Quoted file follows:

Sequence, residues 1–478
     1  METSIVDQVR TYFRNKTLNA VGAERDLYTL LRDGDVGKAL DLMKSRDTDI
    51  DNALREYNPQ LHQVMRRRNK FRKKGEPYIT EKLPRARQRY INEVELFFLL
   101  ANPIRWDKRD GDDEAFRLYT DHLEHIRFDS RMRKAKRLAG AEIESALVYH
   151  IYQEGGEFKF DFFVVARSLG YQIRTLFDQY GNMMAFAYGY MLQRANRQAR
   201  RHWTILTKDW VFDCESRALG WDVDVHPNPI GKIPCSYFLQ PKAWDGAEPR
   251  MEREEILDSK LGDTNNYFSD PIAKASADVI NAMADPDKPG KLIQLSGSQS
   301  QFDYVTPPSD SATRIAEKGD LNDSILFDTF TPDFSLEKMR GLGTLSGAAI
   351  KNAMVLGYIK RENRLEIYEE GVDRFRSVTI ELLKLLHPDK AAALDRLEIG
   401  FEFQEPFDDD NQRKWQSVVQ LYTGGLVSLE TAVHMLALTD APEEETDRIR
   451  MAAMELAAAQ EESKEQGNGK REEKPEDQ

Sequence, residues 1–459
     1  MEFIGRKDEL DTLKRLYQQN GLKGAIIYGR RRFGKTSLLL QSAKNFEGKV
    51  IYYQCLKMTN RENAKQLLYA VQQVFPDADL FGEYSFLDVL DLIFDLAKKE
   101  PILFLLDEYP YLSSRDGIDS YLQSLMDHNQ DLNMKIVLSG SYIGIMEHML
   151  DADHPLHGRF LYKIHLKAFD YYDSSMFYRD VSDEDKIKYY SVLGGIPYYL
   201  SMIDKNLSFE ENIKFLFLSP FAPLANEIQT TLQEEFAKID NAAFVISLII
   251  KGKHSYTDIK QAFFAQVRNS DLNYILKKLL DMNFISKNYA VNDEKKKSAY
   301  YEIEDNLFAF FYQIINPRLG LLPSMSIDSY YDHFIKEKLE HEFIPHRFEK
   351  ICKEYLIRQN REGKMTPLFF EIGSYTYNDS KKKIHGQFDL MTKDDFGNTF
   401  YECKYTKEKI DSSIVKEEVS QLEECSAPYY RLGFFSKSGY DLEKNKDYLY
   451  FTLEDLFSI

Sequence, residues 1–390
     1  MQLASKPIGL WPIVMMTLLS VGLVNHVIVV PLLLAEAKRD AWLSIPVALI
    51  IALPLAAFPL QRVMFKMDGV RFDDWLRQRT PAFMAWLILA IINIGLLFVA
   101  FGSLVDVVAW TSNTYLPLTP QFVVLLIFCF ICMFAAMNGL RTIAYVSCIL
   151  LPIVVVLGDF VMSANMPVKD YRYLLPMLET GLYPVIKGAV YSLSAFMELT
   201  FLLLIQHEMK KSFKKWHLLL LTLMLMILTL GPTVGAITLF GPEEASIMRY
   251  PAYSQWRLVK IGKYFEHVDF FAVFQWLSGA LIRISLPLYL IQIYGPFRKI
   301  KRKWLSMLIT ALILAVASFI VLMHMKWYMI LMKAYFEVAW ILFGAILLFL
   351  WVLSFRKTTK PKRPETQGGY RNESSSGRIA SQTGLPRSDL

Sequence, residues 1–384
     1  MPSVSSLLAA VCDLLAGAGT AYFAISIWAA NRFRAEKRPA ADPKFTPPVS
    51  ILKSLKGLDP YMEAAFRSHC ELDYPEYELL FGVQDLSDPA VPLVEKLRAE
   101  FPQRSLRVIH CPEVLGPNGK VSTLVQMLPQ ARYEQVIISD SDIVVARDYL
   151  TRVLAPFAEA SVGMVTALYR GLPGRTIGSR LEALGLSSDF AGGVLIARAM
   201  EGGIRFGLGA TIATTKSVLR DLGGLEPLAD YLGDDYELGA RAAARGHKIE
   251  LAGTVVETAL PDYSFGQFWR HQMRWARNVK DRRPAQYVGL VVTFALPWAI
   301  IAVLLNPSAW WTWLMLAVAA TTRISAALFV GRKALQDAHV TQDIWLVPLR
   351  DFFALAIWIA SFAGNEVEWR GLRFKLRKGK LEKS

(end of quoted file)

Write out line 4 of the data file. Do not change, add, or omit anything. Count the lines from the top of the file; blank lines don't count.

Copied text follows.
   101  ANPIRWDKRD GDDEAFRLYT DHLEHIRFDS RMRKAKRLAG AEIESALVYH